Viewed by many as “the fifth vital sign,” pulse oximetry is an essential reading in any number of presentations to urgent care. Now new investigations are amplifying a question many have had for years, though: Does the pulse oximeter work equally well with patients of all skin tones? The Food and Drug Administration says it’s going to look more closely at the matter, but in the meantime, according to an article published by Medpage Today, numerous new studies are calling the universal accuracy of pulse ox measurements into doubt. The controversy began when the FDA Medical Devices Advisory Committee announced that an upcoming meeting would include discussion of “ongoing concerns that pulse oximeters may be less accurate in individuals with darker skin pigmentations.” Since then, according to the Medpage Today piece, “real-world studies have been published suggesting increased risk for missed diagnosis of hypoxemiavii (ie, ‘occult hypoxemia’), delays in treatment eligibility decisions and worse patient outcomes among subjects with darker skin pigmentation.” One paper noted that pulse oximeters appeared to provide less accurate readings in Asian, black, and Hispanic patients compared with results in white patients. The FDA has not declared pulse oximeters to be ineffective with nonwhite patients and, again, has expressed that further study is needed.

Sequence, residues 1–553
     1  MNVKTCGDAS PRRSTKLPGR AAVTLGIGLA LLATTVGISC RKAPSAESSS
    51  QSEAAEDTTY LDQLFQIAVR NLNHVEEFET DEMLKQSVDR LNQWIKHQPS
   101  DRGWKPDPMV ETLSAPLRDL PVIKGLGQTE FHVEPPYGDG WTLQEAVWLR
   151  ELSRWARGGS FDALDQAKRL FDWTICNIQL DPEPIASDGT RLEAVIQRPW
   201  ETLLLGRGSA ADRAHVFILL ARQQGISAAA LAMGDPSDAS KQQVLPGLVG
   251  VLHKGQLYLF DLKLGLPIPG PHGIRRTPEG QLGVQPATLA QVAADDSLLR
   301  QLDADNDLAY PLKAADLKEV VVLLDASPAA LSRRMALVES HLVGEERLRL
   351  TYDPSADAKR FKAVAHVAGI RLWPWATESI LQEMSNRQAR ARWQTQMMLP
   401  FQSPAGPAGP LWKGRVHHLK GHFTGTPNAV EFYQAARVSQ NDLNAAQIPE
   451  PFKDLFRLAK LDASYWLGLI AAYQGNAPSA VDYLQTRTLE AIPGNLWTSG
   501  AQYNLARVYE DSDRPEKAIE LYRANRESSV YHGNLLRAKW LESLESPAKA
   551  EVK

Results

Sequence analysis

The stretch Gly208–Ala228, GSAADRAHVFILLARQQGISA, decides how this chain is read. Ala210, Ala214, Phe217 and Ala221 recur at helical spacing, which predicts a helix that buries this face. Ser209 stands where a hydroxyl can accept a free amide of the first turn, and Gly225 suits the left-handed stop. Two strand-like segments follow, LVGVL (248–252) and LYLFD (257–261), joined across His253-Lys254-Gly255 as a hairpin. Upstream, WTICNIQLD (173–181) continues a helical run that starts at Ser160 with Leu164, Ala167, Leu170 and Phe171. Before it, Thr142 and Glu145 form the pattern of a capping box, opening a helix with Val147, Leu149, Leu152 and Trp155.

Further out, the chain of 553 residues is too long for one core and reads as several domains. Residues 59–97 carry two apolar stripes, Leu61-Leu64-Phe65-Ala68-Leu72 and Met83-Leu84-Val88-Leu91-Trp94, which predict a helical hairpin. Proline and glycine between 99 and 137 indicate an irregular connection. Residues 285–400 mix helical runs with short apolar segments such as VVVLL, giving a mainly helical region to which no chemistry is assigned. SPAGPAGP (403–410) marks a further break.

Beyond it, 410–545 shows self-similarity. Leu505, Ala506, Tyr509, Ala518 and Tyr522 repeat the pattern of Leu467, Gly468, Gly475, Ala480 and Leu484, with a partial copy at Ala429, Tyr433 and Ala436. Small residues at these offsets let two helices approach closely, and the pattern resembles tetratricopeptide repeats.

Use of Pulse Oximeters Is Both Common and Essential—but Could Be Plagued by an Inherent Flaw